Objectives: Eosinophilic esophagitis (EoE) is a clinicopathologic diagnosis characterized by inflammation and infiltration of eosinophils at the esophageal mucosa. The underlying etiology of EoE remains elusive. Inflammatory diseases, such as asthma, are associated with structural remodeling of the airways, which includes angiogenesis. The aims of this study were to determine the angiogenic profile of esophageal mucosa in children presenting with EoE and to evaluate the putative mechanism(s) underlying the early inflammatory angiogenic response observed in EoE.
Methods: Endoscopically obtained biopsy samples from 18 EoE and 18 control pediatric patients were analyzed for angiogenic markers (CD31, von Willebrand factor, vascular cell adhesion molecule-1) and tissue levels of angiogenic factors (vascular endothelial growth factor [VEGF]-A, VEGF-R2, angiogenin and interleukin [IL]-8). Expression levels of angiogenic factors and markers in EoE and control samples were characterized by immunofluorescence analysis and quantitative reverse transcriptase-polymerase chain reaction. Vascular density of biopsy samples was evaluated by immunofluorescence analysis.
Results: Samples from patients with EoE exhibited higher levels of von Willebrand factor, CD31, and vascular cell adhesion molecule-1, which is suggestive of neovascularization and an activated endothelium. Moreover, EoE biopsies showed greater levels of the angiogenesis promoters VEGFA, angiogenin, and IL-8. Interestingly, there were greater cellular levels of tumor necrosis factor-α in EoE samples compared with controls. Furthermore, there were higher nuclear levels of p50 and p65 subunits of NFκB and lower cellular levels of the inhibitor of NFκB, IκB-α, in EoE samples compared with controls.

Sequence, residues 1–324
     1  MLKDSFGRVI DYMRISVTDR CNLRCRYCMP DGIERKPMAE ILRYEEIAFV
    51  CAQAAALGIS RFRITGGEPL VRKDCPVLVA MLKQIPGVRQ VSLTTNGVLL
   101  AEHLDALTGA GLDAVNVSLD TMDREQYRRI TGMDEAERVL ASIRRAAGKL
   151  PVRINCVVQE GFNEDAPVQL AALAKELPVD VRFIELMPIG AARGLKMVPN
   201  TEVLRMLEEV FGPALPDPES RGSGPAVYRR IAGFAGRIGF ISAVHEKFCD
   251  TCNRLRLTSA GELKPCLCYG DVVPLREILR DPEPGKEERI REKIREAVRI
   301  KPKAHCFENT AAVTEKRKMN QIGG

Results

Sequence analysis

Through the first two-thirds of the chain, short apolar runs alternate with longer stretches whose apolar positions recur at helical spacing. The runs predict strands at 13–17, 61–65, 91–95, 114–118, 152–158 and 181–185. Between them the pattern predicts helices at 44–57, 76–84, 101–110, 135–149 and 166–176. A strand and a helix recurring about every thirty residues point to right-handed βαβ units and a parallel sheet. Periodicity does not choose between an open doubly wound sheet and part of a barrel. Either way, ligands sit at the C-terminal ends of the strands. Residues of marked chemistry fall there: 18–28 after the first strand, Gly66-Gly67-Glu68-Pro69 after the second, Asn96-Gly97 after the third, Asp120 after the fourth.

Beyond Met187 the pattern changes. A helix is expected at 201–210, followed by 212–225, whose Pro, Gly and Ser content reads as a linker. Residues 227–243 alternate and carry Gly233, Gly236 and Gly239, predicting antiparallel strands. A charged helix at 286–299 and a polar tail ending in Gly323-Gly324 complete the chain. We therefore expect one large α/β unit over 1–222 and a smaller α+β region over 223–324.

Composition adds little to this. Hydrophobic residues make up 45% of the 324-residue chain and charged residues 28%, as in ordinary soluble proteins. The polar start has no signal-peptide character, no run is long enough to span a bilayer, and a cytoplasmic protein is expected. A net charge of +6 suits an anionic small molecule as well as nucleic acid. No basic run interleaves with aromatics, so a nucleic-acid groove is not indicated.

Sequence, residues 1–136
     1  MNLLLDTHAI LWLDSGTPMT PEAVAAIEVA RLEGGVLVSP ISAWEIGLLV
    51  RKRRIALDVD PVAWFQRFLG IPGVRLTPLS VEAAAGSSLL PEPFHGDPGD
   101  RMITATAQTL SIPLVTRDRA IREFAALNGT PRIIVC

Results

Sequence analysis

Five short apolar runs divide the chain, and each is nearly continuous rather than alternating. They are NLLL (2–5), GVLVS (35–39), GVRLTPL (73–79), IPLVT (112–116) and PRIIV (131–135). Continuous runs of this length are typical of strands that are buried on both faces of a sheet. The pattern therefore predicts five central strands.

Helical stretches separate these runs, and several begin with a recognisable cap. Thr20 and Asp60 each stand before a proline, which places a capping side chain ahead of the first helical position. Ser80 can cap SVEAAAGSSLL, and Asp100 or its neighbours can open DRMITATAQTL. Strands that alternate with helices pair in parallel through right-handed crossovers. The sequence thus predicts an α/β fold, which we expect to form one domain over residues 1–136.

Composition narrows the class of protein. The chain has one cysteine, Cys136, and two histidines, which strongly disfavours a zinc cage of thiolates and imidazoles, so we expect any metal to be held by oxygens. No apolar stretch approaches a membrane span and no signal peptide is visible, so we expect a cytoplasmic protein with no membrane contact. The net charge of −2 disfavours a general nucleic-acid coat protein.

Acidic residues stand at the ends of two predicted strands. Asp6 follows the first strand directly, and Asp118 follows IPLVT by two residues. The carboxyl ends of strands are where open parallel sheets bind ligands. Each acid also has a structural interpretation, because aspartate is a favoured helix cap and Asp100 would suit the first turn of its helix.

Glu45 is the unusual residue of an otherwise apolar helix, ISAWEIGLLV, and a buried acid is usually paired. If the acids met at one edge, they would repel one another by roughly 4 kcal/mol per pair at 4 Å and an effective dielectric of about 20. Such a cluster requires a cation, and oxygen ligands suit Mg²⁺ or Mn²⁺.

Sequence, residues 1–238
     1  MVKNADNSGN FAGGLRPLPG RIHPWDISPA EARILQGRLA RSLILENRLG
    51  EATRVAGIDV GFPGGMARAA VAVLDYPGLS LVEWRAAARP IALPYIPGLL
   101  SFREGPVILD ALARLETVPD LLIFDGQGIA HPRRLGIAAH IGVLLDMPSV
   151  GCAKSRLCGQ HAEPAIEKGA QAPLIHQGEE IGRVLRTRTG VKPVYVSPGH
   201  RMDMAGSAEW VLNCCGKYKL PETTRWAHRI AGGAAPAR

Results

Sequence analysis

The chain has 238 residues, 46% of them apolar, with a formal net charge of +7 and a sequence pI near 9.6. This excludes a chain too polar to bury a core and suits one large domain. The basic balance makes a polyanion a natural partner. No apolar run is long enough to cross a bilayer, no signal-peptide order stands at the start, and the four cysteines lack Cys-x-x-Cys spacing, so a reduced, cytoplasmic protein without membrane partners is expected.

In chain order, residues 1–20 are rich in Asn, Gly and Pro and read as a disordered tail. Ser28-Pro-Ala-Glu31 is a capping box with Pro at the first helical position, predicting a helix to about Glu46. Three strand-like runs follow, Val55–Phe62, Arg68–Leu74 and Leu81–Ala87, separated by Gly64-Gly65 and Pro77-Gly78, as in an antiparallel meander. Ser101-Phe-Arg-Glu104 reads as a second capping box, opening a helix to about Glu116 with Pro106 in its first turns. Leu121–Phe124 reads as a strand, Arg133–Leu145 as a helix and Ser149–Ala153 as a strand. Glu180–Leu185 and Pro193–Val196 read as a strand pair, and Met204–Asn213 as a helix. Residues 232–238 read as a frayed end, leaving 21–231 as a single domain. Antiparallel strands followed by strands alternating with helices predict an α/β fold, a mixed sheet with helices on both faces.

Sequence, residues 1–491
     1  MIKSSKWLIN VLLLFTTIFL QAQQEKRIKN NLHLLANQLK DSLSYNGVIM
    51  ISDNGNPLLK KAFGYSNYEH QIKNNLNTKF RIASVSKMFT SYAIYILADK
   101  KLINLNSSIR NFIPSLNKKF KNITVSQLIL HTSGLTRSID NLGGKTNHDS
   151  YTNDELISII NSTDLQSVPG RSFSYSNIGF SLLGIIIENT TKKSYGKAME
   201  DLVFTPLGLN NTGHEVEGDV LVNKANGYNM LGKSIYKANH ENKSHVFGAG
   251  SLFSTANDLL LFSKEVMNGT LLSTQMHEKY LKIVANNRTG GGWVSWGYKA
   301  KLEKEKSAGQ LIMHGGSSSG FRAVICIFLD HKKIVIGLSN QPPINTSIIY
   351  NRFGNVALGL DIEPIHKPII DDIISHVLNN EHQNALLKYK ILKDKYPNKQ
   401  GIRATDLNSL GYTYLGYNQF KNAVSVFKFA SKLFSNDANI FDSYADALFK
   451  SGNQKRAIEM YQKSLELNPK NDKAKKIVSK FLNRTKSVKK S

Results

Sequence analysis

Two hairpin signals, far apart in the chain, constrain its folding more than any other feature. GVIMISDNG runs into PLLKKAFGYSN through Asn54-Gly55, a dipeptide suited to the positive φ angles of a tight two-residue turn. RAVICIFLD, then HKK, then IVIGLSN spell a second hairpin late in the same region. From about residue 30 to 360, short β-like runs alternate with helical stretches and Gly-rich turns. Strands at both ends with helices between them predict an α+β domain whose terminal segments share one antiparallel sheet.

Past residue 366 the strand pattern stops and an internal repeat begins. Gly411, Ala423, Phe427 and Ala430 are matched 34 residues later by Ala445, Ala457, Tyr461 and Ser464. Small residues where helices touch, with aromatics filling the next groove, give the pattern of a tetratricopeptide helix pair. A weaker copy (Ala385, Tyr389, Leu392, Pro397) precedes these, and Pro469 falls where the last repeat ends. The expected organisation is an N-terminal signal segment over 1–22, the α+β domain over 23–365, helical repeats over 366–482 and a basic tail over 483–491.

Conclusions: We demonstrate increased angiogenesis in the esophageal mucosa of pediatric patients with EoE. The data also provided evidence that the angiogenic factors VEGF-A, angiogenin, and IL-8 were prominently involved in promoting angiogenic remodeling.
*Department of Paediatrics
†Department of Laboratory Medicine and Pathology, University of Alberta, Edmonton, Alberta, Canada.
Address correspondence and reprint requests to Dr Sujata Persad, Department of Paediatrics, University of Alberta, 3020 KATZ Group Centre for Pharmacy and Health Research, Edmonton, AB, Canada T6G 2E1 (e-mail: firstname.lastname@example.org).
Received 22 February, 2011
Accepted 1 August, 2011
Drs Persad and Huynh are co-first authors.
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This project was funded by the Stollery Children's Hospital Research Foundation, Edmonton.
The authors report no conflicts of interest.